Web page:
New Zealand recorded a record current account surplus in the first quarter, as exports such as meat and dairy drove the goods balance to an all-time high and the country enjoyed spending by an inflow of overseas visitors.
The current account surplus was $1.41 billion in the three months ended March 31, from a revised deficit of $1.5 billion in the fourth quarter of 2013. The annual deficit was $6.3 billion, or 2.8 per cent of gross domestic product, matching the level of March 2011, from a revised annual gap of $7.6 billion, or 3.4 per cent of GDP, three months earlier.
The figures about matched economists' expectations in a Reuters survey of a quarterly surplus of $1.3 billion and annual deficit of $6.4 billion. The surplus in the latest quarter compares to a surplus of just $107 million in the same period last year, when drought disrupted farm output.
Global supplies of dairy products have come more into balance this year, and prices have retreated from their highs in recent months. The New Zealand dollar recently traded at 86.53 US from 86.52 cents immediately before the release.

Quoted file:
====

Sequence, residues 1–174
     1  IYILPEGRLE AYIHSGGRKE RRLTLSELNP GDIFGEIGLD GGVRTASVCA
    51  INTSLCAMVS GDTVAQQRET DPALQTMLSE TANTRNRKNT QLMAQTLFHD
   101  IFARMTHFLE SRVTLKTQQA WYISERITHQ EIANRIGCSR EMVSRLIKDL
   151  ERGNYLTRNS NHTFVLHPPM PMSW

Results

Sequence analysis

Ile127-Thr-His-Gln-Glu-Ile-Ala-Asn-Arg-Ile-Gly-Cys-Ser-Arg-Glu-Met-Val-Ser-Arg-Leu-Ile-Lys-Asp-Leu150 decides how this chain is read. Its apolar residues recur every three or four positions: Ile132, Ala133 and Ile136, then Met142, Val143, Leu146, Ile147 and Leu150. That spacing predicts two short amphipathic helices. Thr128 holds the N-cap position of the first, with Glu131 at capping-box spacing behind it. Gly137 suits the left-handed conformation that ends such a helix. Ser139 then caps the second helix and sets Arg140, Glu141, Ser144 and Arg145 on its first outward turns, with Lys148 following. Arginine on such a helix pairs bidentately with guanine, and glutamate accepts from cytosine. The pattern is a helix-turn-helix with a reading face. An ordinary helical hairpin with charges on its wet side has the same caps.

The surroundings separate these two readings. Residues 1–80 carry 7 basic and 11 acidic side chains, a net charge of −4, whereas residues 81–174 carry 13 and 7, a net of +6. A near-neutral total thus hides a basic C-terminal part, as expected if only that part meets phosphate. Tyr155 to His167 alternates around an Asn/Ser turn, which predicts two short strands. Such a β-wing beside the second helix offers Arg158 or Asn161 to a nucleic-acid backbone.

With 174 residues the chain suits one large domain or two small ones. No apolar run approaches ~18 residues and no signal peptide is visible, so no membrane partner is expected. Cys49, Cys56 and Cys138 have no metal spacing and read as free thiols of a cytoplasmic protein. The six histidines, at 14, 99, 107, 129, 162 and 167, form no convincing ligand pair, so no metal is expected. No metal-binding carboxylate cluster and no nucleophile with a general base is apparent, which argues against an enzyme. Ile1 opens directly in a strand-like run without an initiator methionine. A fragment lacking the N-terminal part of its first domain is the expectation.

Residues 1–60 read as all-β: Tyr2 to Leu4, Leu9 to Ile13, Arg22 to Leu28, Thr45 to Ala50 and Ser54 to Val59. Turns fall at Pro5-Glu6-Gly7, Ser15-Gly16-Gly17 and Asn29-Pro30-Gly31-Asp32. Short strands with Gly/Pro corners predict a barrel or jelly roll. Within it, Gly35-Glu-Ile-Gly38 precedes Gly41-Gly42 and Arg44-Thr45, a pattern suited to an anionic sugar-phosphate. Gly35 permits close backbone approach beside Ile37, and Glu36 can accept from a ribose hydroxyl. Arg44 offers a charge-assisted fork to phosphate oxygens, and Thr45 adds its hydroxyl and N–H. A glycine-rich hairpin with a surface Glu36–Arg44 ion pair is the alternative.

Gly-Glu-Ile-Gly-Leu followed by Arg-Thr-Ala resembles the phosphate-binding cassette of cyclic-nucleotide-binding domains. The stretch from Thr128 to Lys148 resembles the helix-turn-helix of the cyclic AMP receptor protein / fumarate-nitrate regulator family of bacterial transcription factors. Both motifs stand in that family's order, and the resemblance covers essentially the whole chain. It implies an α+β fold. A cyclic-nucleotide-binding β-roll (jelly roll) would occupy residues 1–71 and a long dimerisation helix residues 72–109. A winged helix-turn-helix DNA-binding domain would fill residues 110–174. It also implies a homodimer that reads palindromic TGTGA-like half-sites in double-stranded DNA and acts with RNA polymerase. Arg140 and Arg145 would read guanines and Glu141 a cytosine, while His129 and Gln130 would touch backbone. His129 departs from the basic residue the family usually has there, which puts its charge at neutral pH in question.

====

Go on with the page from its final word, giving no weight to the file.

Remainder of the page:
"By the March quarter of this year, export volumes had fully recovered from last year's drought, while commodity prices were at or near record highs," Michael Gordon, senior economist at Westpac Bank, said in a note before the figures were released. He expects the annual deficit to narrow to 2.3 per cent of GDP in the June quarter.
The balance on goods widened to a record $2.5 billion in the first quarter, as exports climbed to $13.9 billion while imports retreated to $11.4 billion. The balance on services jumped to $1.69 billion, from $124 million three months earlier, reflecting spending by overseas visitors in what is the busiest quarter for tourists.
The balance on income was a deficit of $2.68 billion, just narrower than the December quarter's $2.7 billion gap, as the income outflow fell to $4.2 billion from $4.36 billion, while the inflow fell to $1.5 billion from $1.64 billion.
Statistics New Zealand said this reflected lower profits overseas for New Zealand-owned firms, and a drop in income for foreign investors here, as a result of lower dividend payments. While the banking sector increased profits in New Zealand it was offset by lower earnings for other corporates.
The nation's net liability position at March 31 was $148 billion, or 65.3 per cent of GDP, up from $146.9 billion, or 66.4 per cent of GDP at Dec. 31.
New Zealand's net external debt position, which excludes the value of financial derivatives, was $139 billion, or 61.4 per cent of GDP, the lowest since December 2007, reflecting reduced borrowing overseas by both the govern